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Glasgow Film Festival 2015: Audience Award Shortlist

GFF's inaugural Audience Award focuses on first and second-time directors; we take a look at the ten contenders

Glasgow Film Festival 2015: Audience Award Shortlist

A Girl Walks Home Alone at Night

This year, the Glasgow Film Festival will be holding its first ever Audience Award. The accolade is exclusively for movies by debut or second time directors, and will be dished out on the festival’s final day (Sun 1 Mar). Matthew Turner and Scott Henderson take a look at some of the contenders

When Animals Dream (Denmark)

Director: Jonas Alexander Arnby
Skilfully blending the likes of Let the Right One In and Ginger Snaps, Arnby's chilling coming-of-age horror stars Sonia Suhl as 16-year-old Marie, whose body is undergoing a strange transformation that threatens the stability of life in her remote Danish fishing village. An atmospheric, starkly beautiful debut with a captivating central performance from newcomer Suhl.
GFT, Thu 19 Feb, 11am; Fri 20 Feb, 6.15pm.

Theeb (Jordan / Qatar / UAE / UK)

Director: Naji Abu Nowar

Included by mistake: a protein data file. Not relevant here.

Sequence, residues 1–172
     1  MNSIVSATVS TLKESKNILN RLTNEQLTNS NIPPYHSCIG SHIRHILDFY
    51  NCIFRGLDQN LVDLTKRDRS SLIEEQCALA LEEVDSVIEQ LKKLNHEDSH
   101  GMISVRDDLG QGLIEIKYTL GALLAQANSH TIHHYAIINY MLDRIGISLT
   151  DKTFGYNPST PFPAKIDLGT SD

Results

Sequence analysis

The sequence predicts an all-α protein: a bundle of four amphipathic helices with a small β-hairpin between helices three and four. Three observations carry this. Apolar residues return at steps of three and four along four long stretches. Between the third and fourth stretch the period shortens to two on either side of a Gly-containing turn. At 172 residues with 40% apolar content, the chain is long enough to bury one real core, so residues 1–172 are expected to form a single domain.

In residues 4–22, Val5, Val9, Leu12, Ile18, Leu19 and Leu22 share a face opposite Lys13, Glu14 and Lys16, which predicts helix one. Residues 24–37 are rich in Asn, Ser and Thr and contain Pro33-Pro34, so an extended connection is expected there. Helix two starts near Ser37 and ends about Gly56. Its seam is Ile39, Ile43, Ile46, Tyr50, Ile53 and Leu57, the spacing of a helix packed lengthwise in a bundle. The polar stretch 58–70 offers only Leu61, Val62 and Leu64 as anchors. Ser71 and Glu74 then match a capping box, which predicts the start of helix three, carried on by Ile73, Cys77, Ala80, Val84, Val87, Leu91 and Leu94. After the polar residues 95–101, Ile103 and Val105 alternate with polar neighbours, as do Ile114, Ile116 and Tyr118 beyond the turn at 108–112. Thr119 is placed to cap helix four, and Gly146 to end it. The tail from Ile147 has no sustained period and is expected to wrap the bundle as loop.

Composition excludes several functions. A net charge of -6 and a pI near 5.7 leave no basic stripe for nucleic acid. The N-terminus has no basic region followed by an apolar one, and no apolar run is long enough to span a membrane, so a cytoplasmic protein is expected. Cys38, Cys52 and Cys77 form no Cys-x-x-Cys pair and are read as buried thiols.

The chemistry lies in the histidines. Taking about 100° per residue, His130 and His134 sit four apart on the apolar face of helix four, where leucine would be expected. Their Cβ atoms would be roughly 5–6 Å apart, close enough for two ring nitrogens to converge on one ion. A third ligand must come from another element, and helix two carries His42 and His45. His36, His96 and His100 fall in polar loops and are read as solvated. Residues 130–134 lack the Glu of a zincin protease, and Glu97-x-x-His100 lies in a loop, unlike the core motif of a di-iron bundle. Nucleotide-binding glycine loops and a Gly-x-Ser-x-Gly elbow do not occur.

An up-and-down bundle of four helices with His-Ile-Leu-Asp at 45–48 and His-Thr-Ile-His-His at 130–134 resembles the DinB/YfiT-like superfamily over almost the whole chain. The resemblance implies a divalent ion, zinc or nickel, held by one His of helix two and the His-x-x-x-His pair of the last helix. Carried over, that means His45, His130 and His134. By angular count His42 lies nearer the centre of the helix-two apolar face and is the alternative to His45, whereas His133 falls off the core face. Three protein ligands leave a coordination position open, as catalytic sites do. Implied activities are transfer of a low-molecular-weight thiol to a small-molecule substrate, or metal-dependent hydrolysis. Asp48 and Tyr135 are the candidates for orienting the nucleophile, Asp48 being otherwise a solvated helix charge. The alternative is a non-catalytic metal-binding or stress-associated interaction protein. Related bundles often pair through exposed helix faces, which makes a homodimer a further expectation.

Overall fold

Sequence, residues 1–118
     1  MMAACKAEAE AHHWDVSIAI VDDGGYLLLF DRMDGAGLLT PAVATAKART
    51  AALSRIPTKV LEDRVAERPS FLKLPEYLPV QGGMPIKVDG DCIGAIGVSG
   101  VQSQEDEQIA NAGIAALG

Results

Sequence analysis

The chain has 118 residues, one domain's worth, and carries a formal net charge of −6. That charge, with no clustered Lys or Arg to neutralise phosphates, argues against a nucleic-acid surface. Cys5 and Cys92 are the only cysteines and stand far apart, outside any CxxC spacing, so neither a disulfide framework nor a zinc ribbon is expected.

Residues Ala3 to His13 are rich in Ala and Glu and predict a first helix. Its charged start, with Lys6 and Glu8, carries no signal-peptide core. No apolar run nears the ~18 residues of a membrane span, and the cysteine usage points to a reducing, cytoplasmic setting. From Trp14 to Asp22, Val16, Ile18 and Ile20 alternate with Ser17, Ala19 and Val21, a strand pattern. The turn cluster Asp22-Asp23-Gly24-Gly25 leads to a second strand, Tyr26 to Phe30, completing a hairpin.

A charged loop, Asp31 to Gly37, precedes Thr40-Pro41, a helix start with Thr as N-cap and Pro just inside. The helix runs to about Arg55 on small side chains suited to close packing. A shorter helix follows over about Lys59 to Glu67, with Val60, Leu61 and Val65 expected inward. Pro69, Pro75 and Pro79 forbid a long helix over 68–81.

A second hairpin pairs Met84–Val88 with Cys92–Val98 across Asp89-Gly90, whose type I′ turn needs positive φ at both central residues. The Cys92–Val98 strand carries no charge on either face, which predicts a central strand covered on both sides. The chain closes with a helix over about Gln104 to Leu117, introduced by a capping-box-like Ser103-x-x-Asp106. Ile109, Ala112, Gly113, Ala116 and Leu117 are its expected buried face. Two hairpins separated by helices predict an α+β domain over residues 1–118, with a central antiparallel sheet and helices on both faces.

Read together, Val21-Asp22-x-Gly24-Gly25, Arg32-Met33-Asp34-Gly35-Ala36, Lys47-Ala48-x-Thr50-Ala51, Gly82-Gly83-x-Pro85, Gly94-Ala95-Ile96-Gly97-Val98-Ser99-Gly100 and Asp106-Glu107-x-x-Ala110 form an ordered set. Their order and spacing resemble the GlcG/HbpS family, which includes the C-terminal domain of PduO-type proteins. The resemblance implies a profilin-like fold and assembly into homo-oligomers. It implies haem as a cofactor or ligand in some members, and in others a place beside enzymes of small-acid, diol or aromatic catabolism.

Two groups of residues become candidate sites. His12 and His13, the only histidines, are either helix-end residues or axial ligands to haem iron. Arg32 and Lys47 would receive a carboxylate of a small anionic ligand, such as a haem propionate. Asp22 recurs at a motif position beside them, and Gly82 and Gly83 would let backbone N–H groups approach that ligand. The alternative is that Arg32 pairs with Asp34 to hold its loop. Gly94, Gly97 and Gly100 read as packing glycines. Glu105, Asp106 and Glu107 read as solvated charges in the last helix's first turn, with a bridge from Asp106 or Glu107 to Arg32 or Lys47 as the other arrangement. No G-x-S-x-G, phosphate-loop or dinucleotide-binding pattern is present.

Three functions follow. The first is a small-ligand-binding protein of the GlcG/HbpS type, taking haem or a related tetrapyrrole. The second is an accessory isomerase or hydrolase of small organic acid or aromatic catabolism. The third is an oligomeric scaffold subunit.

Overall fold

Set in the Ottoman Empire in 1916, Nowar’s thrilling adventure story stars Jacir Eid Al-Hwietat as Bedouin orphan Theeb, who undergoes a dangerous journey when he helps his older brother (Hussein Salameh) guide a British officer (Jack Fox) across the Arabian desert. With an exciting plot and strong performances, this is further bolstered by stunning location work in southern Jordan.
GFT, Thu 19 Feb, 11am.

Appropriate Behaviour (US / UK)

Director: Desiree Akhavan
Another Sundance 2014 debutant, Akhavan writes, directs and stars in this hipster comedy about a bisexual Persian-American woman in Brooklyn dealing with identity issues, a bitter break-up and other carnage she generally wreaks in her life. Comparisons to Lena Dunham’s Girls be damned, Appropriate Behaviour marks Akhavan as a talent to watch in her own right.
GFT, Thu 19 Feb, 3.45pm; Fri 20 Feb, 11pm.

The Wonders (Italy / Switzerland / Germany)

Director: Alice Rohrwacher
Italian writer-director Rohrwacher follows her critically acclaimed debut Corpo Celeste with this mesmerising coming-of-age drama about a young girl (Alexandra Lungu) who enters her unconventional, bee-keeping family in a talent contest. Rohrwacher coaxes terrific performances from her young cast and injects a genuine sense of enchantment, while Monica Bellucci contributes a charming cameo as the show's impossibly glamorous hostess.
GFT, Sat 21 Feb, 8.45pm; Sun 22 Feb, 11am.

52 Tuesdays (Australia)

Director: Sophie Hyde
This one made its debut at Sundance 2014, picked up the World Cinema Best Director award, and has since gone on to win gongs at Berlin and Melbourne. At its core, 52 Tuesdays is a coming-of-age tale in which 16-year-old Billie (Tilda Cobham-Hervey) learns that her mother has decided to live her future life as a man. The film tracks their emotional journey through weekly Tuesday meetings between the pair.
CCA, Sun 22 Feb, 8.30pm; Mon 23 Feb, 1.30pm.